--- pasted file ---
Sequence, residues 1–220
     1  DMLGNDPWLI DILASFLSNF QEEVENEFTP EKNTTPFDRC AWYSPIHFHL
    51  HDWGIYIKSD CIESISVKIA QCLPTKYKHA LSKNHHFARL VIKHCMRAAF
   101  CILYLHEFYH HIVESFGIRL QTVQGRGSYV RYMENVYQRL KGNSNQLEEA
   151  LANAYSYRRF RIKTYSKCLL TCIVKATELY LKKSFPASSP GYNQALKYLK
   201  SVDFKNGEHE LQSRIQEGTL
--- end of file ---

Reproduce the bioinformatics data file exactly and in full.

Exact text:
Sequence, residues 1–220
     1  DMLGNDPWLI DILASFLSNF QEEVENEFTP EKNTTPFDRC AWYSPIHFHL
    51  HDWGIYIKSD CIESISVKIA QCLPTKYKHA LSKNHHFARL VIKHCMRAAF
   101  CILYLHEFYH HIVESFGIRL QTVQGRGSYV RYMENVYQRL KGNSNQLEEA
   151  LANAYSYRRF RIKTYSKCLL TCIVKATELY LKKSFPASSP GYNQALKYLK
   201  SVDFKNGEHE LQSRIQEGTL